Forward-looking macroeconomic policies for Asia and the Pacific
The recently-launched 2013 Economic and Social Survey of Asia and the Pacific of ESCAP is forecasting subdued growth of 6% for the region in 2013 -- up from 5.6% in 2012. Although highest amongst regional growth rates, this is considerably lower than the pre-crisis level and the level achieved immediately after the crisis in 2010.
ESCAP fears that this subdued growth may become a "new normal" if uncertainty in the developed economies continues. This may translate into an estimated output loss for the Asia-Pacific region of $1.3 trillion by 2017.
The 2013 Survey also shows that the region's structural impediments have added to the problems arising from the economic and financial difficulties of developed countries. The rise in inequality, especially in larger countries of the region, has not only significantly reversed economic and social gains, but is also holding back domestic effective demand.
Endemic extreme poverty, vulnerability and economic insecurity in the region are detrimental to drivers of domestic growth. The regional growth is also hampered by significant shortages in infrastructure and high resource intensity of its production system.
Most of these structural impediments are due to past policy failures. For too long, macroeconomic policies focused on aggregate debt, deficit and inflation and neglected their developmental roles. It has been assumed that managing aggregate public debt and keeping inflation at some predetermined low levels would deliver development. However, many countries have achieved them at the cost of development, for example, by cutting public investment in key areas and expenditures on education and health.
The 1997-98 Asian financial crisis and the ongoing crisis in developed countries, reveal that while aggregate debt and inflation are useful indicators, their stabilisation does not necessarily produce the desired development outcomes. Rather, excessive focus on these aggregate nominal targets has made macroeconomic policies pro-cyclical and intensified the crises.
Where such policies delivered economic growth, it has not been inclusive enough and has not always translated into increased security of jobs and livelihoods. Instead, growth has been mostly jobless, without corresponding growth in decent and productive employment in the formal sector. As a result, livelihood insecurity and disparities of opportunities and outcomes, including income, assets and wealth, are on the rise and reinforcing one another, especially due to a lack of a decent social protection system in the midst of jobless growth.
The Survey argues therefore for a shift in macroeconomic policy paradigms. In light of the huge developmental challenges of Asia and the Pacific, associated with the region's high degree of economic insecurity, large development gaps, significant infrastructure shortages and unsustainable environmental impacts, there is clearly a need to find a better balance between the stabilisation and developmental roles of macroeconomic policies.
Such balance could entail changing the way fiscal and monetary policies are designed and implemented, and how issues of public debt or inflation are viewed. In particular, there has to be greater emphasis on the quality and composition of public expenditure, rather than on aggregate budget deficits and public debts, as argued in previous editions of the ESCAP Survey.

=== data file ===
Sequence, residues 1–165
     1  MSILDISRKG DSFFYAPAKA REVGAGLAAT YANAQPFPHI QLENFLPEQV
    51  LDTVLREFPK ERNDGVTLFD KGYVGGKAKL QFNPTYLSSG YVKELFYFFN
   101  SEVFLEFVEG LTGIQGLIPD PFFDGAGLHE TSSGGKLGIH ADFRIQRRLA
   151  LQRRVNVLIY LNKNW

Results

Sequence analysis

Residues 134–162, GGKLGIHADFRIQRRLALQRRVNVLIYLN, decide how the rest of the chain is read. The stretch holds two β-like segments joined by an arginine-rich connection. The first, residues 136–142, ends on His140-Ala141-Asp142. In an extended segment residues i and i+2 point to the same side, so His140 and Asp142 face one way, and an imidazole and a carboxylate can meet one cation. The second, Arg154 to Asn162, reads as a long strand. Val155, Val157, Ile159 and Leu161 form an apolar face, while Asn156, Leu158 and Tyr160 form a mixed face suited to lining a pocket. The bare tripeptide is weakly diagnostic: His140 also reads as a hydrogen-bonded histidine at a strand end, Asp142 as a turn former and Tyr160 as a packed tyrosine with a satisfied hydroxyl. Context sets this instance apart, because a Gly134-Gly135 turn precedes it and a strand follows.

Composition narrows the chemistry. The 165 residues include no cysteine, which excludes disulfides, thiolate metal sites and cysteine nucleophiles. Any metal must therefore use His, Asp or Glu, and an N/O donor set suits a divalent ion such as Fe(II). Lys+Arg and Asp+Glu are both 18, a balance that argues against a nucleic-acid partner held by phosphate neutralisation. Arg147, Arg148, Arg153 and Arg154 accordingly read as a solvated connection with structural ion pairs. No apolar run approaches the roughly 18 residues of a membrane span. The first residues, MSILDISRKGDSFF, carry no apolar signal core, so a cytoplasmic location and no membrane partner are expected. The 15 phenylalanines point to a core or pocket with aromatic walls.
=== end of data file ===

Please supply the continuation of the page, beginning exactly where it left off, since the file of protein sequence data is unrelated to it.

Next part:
A 6-point agenda is proposed to enhance the region's resilience and inclusiveness. These include the provision of an employment guarantee for a limited number of days (100 days) in a year; basic social services in education and health; income security for older persons and persons with disabilities; and ensuring modern sources of energy for all by 2030.
The Survey also estimates, as illustrative examples, the public investment needs to deliver this package of policies in ten Asia-Pacific countries: Bangladesh, China, Fiji, India, Indonesia, Malaysia, Philippines, Russian Federation, Thailand and Turkey, accounting for about 90% of the population in the region.
The good news is that this is actually achievable and even affordable for most countries in Asia and the Pacific. Total investment for the above package of policies in China, for example, would amount to 2.6% of GDP in 2013, increasing to 3.3% in 2020 and 5.2% in 2030. Estimates for Indonesia, Malaysia, the Russian Federation, Thailand and Turkey, range between 5 and 8% of GDP.
While the amounts are not trivial, these could be self-financed by most governments through the broadening of tax bases, making tax regimes more progressive, and tax administration more efficient -- including tighter regulation of tax fraud, as well as reducing non-development expenditure. However, least developed countries and small island states would require development partnership and cooperation, especially to prevent the illicit transfer of funds.
Our analysis also shows that such investment would not significantly jeopardise fiscal sustainability or price stability. In other words, people and planet-friendly growth is affordable and economically sustainable, making this a win-win development agenda for our region. This is greatly encouraging.
These are examples of forward-looking macroeconomic policies because they can both promote sustainable development and lead to sustained, inclusive and equitable economic growth, the importance of which has been recognised in key United Nations documents such as the outcome document of the 2012 Rio+20 conference. ESCAP expects that 2013 Survey will contribute to policy debates about how to achieve the goal of inclusive and sustainable development in the Asia-pacific region.
The writer is UN Under-Secretary-General and Executive Secretary of the United Nations Economic and Social Commission for Asia and the Pacific (ESCAP).